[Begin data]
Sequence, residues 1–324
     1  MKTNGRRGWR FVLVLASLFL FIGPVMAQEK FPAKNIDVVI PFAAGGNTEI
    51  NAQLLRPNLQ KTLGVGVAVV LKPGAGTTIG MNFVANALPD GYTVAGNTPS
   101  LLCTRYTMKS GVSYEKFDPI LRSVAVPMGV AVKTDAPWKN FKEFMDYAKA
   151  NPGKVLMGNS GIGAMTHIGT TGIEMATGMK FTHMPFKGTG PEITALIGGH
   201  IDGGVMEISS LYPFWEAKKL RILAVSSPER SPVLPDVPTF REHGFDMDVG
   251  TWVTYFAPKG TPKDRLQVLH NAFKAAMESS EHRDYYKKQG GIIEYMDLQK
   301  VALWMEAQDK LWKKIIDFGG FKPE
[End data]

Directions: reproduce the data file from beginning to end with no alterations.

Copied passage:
Sequence, residues 1–324
     1  MKTNGRRGWR FVLVLASLFL FIGPVMAQEK FPAKNIDVVI PFAAGGNTEI
    51  NAQLLRPNLQ KTLGVGVAVV LKPGAGTTIG MNFVANALPD GYTVAGNTPS
   101  LLCTRYTMKS GVSYEKFDPI LRSVAVPMGV AVKTDAPWKN FKEFMDYAKA
   151  NPGKVLMGNS GIGAMTHIGT TGIEMATGMK FTHMPFKGTG PEITALIGGH
   201  IDGGVMEISS LYPFWEAKKL RILAVSSPER SPVLPDVPTF REHGFDMDVG
   251  TWVTYFAPKG TPKDRLQVLH NAFKAAMESS EHRDYYKKQG GIIEYMDLQK
   301  VALWMEAQDK LWKKIIDFGG FKPE